Overview RNA-Seq data analysis
RNA-Seq has revolutionized the way we explore gene expression data. Simple gene-level or more advanced transcript-level data analysis with the potential to detect alternative splice events are now on your fingertip. Are you interested in long non-coding RNA? Fusion transcripts? The organism of your interest is none of the usual suspects? You want to make use of your collection of formalin-fixed, paraffin-embedded (FFPE) samples? Everything is possible and the quality of the results is striking. However, with new possibilities comes new obstacles and a lot of decisions have to be made in order to obtain the best possible result. And even the best result might not be the right one. We think, that analysis of data always needs to be also adjusted to the initial aim of the researcher. We understand complicated experimental designs and will adapt our data analysis workflow according to your aim. No standard pipelines. Promised.
No result counts, if not presented in the best way. We are aiming for high-quality figures. We provide high-resolution images and additionally pdf versions of your graphics, which enable you to manipulate colors, text and many other options. Please see an example video here.
In case you want to contract it’s biology to analyze your RNA-Seq project, we will divide the whole process into 4 steps, with you choosing which level of analysis you need:
Consulting in the experimental design and technical procedure of the experiment. Sometimes one phone call can help tremendously.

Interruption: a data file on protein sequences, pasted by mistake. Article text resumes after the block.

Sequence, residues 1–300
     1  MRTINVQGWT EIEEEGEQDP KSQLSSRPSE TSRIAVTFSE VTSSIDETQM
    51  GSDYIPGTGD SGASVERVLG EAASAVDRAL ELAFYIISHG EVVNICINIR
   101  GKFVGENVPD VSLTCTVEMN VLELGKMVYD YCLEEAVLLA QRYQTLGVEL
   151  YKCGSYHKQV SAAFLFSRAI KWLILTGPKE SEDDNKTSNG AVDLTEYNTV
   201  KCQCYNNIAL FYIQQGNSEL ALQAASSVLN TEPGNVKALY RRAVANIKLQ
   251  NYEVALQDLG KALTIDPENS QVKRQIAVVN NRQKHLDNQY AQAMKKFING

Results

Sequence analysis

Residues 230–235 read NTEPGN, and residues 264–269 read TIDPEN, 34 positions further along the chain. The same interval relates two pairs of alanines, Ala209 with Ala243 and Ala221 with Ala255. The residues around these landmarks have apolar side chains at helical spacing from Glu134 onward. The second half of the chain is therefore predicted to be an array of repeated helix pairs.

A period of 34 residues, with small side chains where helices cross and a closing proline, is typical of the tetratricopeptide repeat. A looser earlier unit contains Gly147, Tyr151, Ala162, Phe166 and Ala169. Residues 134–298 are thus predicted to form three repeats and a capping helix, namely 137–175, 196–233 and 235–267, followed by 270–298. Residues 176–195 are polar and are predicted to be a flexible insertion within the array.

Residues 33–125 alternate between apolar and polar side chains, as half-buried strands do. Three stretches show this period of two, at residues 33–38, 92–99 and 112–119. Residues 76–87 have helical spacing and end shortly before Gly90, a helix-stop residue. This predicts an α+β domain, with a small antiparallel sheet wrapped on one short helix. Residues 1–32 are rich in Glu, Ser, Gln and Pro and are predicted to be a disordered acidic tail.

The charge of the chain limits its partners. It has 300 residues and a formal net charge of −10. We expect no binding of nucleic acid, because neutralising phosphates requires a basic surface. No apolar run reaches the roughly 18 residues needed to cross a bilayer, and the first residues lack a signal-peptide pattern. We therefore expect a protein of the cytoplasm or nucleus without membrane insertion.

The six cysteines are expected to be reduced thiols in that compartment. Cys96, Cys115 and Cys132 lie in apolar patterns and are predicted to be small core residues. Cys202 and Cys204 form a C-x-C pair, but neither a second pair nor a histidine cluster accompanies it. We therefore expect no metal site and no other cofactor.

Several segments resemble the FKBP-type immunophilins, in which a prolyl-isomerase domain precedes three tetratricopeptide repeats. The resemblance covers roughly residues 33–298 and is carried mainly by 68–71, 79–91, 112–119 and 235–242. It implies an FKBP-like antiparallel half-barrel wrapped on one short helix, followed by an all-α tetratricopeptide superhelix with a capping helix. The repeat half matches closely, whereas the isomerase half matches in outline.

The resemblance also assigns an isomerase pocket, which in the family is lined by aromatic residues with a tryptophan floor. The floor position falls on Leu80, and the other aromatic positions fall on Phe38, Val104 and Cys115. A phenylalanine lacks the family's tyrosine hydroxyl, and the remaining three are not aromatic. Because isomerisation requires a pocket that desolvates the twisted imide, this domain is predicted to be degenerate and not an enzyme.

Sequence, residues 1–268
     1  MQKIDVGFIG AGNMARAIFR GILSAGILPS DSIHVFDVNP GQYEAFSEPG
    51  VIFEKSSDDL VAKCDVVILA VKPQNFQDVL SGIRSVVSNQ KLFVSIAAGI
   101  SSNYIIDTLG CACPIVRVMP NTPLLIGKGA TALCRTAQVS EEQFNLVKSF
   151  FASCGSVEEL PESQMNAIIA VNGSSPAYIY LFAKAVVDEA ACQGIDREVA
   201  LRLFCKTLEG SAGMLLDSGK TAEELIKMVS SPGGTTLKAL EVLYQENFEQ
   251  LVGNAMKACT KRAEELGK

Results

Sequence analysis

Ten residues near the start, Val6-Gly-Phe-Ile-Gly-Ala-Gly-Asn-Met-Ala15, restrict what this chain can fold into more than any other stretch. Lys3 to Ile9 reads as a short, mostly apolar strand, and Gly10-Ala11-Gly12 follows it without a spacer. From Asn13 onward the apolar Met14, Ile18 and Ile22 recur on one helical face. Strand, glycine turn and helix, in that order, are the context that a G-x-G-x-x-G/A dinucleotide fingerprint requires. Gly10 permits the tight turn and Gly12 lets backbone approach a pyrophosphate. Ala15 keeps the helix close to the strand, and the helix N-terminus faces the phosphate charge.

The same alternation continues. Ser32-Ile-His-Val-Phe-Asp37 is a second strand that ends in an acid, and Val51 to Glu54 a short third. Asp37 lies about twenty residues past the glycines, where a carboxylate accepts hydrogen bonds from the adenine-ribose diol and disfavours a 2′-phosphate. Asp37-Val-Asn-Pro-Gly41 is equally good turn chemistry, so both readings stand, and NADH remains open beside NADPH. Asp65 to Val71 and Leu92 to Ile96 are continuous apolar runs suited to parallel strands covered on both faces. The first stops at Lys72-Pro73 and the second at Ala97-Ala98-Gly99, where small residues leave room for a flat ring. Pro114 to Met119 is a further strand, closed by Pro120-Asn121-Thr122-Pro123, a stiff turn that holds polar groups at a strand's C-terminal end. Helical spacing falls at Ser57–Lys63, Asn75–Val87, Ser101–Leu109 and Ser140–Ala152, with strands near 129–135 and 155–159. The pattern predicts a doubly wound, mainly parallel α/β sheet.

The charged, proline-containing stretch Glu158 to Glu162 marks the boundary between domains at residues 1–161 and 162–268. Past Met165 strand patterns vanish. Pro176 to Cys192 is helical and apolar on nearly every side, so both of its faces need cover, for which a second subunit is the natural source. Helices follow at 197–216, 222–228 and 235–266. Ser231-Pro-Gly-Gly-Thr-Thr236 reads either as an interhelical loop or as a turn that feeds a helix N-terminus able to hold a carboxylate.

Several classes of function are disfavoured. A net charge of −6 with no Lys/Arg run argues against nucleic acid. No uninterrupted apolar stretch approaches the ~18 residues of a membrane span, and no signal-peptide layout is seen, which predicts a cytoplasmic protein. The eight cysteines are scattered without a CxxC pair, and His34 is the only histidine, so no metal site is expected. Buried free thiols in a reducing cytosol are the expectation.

Low-level data analysis
Data quality assessment, read manipulation (trimming, filtering), alignment and quantification and normalization
Statistics and Visualizations
Statistics and visualization of differential expressed genes, transcripts or isoforms.
Interpretation and Integration
Further analysis, like Gene-ontolgy enrichment, Pathway involvement or integration with results from other assays.
We are analyzing RNA-Seq data from all mayor next-generation sequencers from Illumina or Ion-Torrent. We can start from files in FASTA, FASTQ, unaligned BAM files or SRA format.
Please scroll down for more information about the single steps of our RNA-Seq workflow. Please contact us here, in case you have any question about our service.
Quality control and read preparation
It is no secret that quality control of RNA-Seq raw data is essential in order to reveal a good result. This is not different to other biological assay data, but in RNA-Seq we do have the possibility to shape the raw data according to quality parameters. One example for such shaping would be trimming of read ends based on the quality scores of the bases. We do use standard quality control tools like FASTQC, however we add additional quality assessments whenever needed. For example we check also by default the possibility of RNA degradation for each sample. We have seen, that this step is particularly important when working with samples from formalin-fixed, paraffin-embedded (FFPE) tissue. Also we check for contaminating ribosomal RNA in your samples and exclude those reads from the analysis in order not to interfere with later normalization procedures. For RNA-Seq samples coming from cell culture we also include a screen against prominent contaminants like yeast, bacteria (intra- and extracellular) viruses and cross-contamination with other species (during sample preparation). And for security we actually do this contamination check always, regardless of the sample origin.